Mohamud M Uluso

Hiiraan Online

The on-going state-building efforts in Somalia require a leader who is genuinely patriotic, competent in post-conflict statecraft, and conscious of the social ills stoking conflict, violence, and divisions in the country and who is willing to cooperate with other actors in those state-building efforts. 

The Star

The recent vote of no confidence against former Speaker of the People's House of Somalia, Mohamed Osman Jawari, in very troublesome circumstances, is a clear indication of the gangsterism nature of the country's politics.  To exit from being a failed state, there is need for strict adherence to the constitution, democratic values, and rule of law by all citizens. 

The Federal Government of Somalis as constituted today does not represent the populations under the authorities of Somaliland, Puntland, Jubbaland and Southwest regions. The Provisional Constitution designed to shackle the arbitrary and capricious behavior of rulers has become a worthless piece of paper for lack of compliance and respect.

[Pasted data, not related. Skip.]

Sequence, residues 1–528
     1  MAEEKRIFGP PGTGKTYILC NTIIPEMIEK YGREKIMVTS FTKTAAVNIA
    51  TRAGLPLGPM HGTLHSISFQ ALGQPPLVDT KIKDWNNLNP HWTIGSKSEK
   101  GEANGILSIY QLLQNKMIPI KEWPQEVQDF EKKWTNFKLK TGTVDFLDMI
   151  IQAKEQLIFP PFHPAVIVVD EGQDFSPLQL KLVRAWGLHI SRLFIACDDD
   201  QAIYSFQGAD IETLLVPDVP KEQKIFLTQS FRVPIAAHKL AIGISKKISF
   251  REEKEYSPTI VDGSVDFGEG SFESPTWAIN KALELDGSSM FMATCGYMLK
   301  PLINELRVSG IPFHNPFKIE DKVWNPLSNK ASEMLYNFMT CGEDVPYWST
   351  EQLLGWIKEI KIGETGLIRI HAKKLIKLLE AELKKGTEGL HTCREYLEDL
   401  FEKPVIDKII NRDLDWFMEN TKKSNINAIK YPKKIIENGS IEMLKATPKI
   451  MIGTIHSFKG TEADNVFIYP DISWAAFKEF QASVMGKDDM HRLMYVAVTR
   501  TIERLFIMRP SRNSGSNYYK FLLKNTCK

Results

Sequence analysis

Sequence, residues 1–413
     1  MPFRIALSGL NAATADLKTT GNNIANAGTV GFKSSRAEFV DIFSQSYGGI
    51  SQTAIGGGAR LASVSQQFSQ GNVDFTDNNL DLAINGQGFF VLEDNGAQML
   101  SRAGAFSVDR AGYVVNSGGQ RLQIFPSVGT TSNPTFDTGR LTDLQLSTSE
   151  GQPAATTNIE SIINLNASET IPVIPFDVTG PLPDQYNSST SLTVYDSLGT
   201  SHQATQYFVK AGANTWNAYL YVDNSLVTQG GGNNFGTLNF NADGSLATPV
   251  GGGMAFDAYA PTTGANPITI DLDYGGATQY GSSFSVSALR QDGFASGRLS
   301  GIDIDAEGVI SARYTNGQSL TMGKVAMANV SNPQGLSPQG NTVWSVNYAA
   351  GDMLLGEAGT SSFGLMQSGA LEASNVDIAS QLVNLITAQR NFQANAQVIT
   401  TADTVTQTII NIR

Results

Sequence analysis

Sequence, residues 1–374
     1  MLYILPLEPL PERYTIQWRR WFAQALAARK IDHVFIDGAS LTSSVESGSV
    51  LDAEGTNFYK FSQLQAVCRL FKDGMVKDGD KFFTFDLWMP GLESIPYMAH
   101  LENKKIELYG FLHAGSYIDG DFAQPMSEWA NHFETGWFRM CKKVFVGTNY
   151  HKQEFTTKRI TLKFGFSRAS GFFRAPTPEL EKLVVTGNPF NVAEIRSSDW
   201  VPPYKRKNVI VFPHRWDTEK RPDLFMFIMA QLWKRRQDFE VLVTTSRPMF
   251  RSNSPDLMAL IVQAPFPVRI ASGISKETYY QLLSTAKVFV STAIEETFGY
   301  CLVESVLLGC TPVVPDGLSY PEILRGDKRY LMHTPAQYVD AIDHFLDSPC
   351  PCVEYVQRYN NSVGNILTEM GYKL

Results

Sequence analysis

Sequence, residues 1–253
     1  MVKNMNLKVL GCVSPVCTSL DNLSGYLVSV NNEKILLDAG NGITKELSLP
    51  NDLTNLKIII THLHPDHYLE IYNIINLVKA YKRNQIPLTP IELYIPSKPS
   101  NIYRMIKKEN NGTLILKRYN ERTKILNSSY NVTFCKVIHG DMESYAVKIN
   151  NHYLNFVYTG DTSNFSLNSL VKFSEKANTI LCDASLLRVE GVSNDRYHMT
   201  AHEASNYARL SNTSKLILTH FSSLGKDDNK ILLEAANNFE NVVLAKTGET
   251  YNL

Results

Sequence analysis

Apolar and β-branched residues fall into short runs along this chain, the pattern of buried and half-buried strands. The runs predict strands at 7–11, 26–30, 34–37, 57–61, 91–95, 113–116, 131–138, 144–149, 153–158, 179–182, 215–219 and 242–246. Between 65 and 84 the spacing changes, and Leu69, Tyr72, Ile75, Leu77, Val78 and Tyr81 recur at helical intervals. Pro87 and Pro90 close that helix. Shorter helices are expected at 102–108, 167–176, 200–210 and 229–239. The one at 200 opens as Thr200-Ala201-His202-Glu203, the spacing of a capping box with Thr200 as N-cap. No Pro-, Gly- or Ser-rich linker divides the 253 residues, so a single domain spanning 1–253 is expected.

Nearly two decades of foreign interventions have failed to build peace or a viable state. International engagement has served to deepen the humanitarian and political crisis in Somalia.

The much-canvassed clan-federalism as a strategy for state building in Somalia will yield disastrous results for the country. Clan federalism is not supported by the Constitution, which prescribes that Somali territory and sovereignty are inviolable and indivisible

Special Representative of the UN Secretary General and Head of UN Assistance Mission in Somalia has emerged as the ‘supreme ruler’ who remains above the provisional constitution. He acts in conformity with foreign rules and agenda outside the Somalia, rendering local participation in politics futile

Who actually rules Somalia? The simple answer is, foreigners with vested interests. And as long as these external actors continue their meddling, regardless of the rhetoric, the Somali state-building project will stagnate

The current debate about Somalia’s future and its relationship with foreign donors is split between two schools of thought – those who advocate ‘hybrid systems of governance’ and those who continue to see state-building as the necessary first step towards stability and prosperity.

The type of federalism being promoted in Somalia is a foreign initiative meant to abort national reconciliation and institutionalize social fragmentation